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If you car is a 2003, you can access a lot more info from the readout on the dash than you can with an app.

The apps typically read only engine codes and do not read all the other codes.

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The answer to your question depends entirely on two independent and interrelated factors.

OBD-II reading software, whether a phone app, computer application, or via dedicated reading device can be written in such a way that only certain codes can be read up through the ability to query virtually every known code for every manufacturer under several protocols. If the software (or firmware, in the case of dedicated readers) is set up only to query the OBD-II standard codes, and not manufacturer specific codes or SRS, ABS, and other codes then those are all you can see.

The second half of the equation is the OBD-II dongle. These can be designed to only query for certain codes or for a huge range.

Each half of the equation can impose constraints on the other. You could, for example, have the Torque Pro app, which is a very extensive and powerful app that has a great deal of add-on widgets in addition to the ones it comes with by default. However, if you have a dongle that doesn't query all the things Torque can process then you simply won't get them. The developer notes this on his page.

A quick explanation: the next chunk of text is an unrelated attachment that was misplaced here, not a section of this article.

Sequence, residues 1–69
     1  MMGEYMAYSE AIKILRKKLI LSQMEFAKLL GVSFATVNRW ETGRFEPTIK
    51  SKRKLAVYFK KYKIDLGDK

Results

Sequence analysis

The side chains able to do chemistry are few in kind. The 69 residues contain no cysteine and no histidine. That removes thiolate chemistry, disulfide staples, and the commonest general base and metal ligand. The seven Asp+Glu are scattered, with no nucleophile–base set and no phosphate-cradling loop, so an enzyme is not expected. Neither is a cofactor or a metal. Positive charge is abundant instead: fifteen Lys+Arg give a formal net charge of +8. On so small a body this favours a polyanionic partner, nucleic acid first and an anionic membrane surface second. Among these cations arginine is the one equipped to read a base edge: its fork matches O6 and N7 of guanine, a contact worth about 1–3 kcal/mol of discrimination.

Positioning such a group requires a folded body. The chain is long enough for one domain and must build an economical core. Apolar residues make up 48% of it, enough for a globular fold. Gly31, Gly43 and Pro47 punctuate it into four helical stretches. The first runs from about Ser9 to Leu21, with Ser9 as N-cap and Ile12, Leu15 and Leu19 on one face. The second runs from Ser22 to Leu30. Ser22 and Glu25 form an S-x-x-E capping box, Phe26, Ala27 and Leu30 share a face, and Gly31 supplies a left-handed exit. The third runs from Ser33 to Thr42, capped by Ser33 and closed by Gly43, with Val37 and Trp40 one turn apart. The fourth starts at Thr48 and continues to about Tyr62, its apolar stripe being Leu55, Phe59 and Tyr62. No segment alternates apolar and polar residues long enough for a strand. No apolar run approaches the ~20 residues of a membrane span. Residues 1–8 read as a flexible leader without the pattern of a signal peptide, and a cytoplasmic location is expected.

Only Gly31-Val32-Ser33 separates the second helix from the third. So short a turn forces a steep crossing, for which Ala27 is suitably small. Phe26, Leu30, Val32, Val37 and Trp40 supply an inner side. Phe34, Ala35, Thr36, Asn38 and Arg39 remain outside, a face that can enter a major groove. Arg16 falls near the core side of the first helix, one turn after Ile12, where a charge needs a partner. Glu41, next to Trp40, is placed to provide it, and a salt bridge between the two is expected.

I've used Torque Lite, Carista, and ScanMaster Lite with a cheap ELM OBD-II dongle and have found each very useful. If I wanted to go "heavy duty" I'd probably buy Torque Pro and a much better OBD-II dongle. All three of these apps has been every bit as functional, or more so, than my Innova 3130 OBD-II code reader (which I love). Even Innova now sells a high-end dongle that's shown at the bottom of the page I provided the link to.

Brian

Brian

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Bri the Tech Guy   http://britechguy.com
britechguy@gmail.com   (540) 324-5032
"If it's got you screaming, I'll help you stop!!"
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I've been using OBD Link for years. How much you can get from it depends on the software. The free software that comes with the dongle will give you as much as the console for the PCM and some other codes, with real-time gauges and such. The extra cost software comes with manufacturer-specific add-ons that let you read the body and chassis codes, including the EBTCM codes. They have a new WiFi dongle, a Bluetooth dongle, and a wired dongle. Their software works on laptops (the best solution if you are serious about things), tablets and smartphones.

Bruce has been using another vendor to run performance curves on his STS-V that has more detailed tuning capability than my software. You should shop around.

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-- Click Here for CaddyInfo page on "How To" Read Your OBD Codes
-- Click Here for my personal page to download my OBD code list as an Excel file, plus other Cadillac data
-- See my CaddyInfo car blogs: 2011 CTS-V, 1997 ETC
Yes, I was Jims_97_ETC before I changed cars.

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